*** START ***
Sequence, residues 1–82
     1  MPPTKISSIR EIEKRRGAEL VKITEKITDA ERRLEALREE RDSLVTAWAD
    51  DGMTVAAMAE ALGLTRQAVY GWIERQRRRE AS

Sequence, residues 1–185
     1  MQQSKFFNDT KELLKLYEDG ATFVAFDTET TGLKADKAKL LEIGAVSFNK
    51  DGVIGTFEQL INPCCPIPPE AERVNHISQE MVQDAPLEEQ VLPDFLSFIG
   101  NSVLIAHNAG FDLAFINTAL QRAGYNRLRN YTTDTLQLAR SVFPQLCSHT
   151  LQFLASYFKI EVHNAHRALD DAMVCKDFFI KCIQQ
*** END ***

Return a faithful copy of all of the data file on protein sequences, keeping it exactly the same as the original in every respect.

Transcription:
Sequence, residues 1–82
     1  MPPTKISSIR EIEKRRGAEL VKITEKITDA ERRLEALREE RDSLVTAWAD
    51  DGMTVAAMAE ALGLTRQAVY GWIERQRRRE AS

Sequence, residues 1–185
     1  MQQSKFFNDT KELLKLYEDG ATFVAFDTET TGLKADKAKL LEIGAVSFNK
    51  DGVIGTFEQL INPCCPIPPE AERVNHISQE MVQDAPLEEQ VLPDFLSFIG
   101  NSVLIAHNAG FDLAFINTAL QRAGYNRLRN YTTDTLQLAR SVFPQLCSHT
   151  LQFLASYFKI EVHNAHRALD DAMVCKDFFI KCIQQ